“I read books to read myself,” Sven Birkerts wrote in The Gutenberg Elegies: The Fate of Reading in an Electronic Age. Birkerts’s book, which turns twenty-five this year, is composed of fifteen essays on reading, the self, the convergence of the two, and the ways both are threatened by the encroachment of modern technology. As the culture around him underwent the sea change of the internet’s arrival, Birkerts feared that qualities long safeguarded and elevated by print were in danger of erosion: among them privacy, the valuation of individual consciousness, and an awareness of history—not merely the facts of it, but a sense of its continuity, of our place among the centuries and cosmos. “Literature holds meaning not as a content that can be abstracted and summarized, but as experience,” he wrote. “It is a participatory arena. Through the process of reading we slip out of our customary time orientation, marked by distractedness and surficiality, into the realm of duration.”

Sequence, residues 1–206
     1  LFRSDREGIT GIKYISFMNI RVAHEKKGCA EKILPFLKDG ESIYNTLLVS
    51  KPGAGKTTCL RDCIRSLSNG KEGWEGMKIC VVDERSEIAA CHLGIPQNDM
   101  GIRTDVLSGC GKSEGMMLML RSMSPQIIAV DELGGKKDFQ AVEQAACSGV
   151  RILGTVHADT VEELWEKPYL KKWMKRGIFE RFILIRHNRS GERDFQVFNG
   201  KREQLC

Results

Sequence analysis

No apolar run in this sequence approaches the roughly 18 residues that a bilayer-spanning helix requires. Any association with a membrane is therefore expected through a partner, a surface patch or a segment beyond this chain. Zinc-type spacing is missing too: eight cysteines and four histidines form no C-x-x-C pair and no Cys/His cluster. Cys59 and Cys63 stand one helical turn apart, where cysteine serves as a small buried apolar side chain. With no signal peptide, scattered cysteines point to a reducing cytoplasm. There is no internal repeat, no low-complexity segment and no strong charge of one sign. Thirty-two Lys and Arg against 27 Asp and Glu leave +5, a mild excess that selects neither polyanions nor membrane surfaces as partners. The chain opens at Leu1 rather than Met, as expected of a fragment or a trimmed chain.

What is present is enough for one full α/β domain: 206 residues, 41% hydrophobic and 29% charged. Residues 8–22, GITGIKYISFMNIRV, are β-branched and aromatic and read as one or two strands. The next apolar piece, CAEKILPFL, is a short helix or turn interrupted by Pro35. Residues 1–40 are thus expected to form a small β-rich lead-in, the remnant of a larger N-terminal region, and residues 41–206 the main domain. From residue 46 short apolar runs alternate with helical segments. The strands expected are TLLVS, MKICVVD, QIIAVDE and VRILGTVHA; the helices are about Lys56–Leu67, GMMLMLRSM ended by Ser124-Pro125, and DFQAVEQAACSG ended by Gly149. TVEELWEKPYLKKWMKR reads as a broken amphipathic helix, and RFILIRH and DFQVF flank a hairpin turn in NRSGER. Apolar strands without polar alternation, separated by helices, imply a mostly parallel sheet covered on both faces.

Writing in 1994, Birkerts worried that distractedness and surficiality would win out. The “duration state” we enter through a turned page would be lost in a world of increasing speed and relentless connectivity, and with it our ability to make meaning out of narratives, both fictional and lived. The diminishment of literature—of sustained reading, of writing as the product of a single focused mind—would diminish the self in turn, rendering us less and less able to grasp both the breadth of our world and the depth of our own consciousness. For Birkerts, as for many a reader, the thought of such a loss devastates. So while he could imagine this bleak near-future, he (mostly) resisted the masochistic urge to envision it too concretely, focusing instead on the present, in which—for a little while longer, at least—he reads, and he writes. His collection, despite its title, resembles less an elegy for literature than an attempt to stave off its death: by writing eloquently about his own reading life and electronic resistance, Birkerts reminds us that such a life is worthwhile, desirable, and, most importantly, still possible. In the face of what we stand to lose, he privileges what we might yet gain.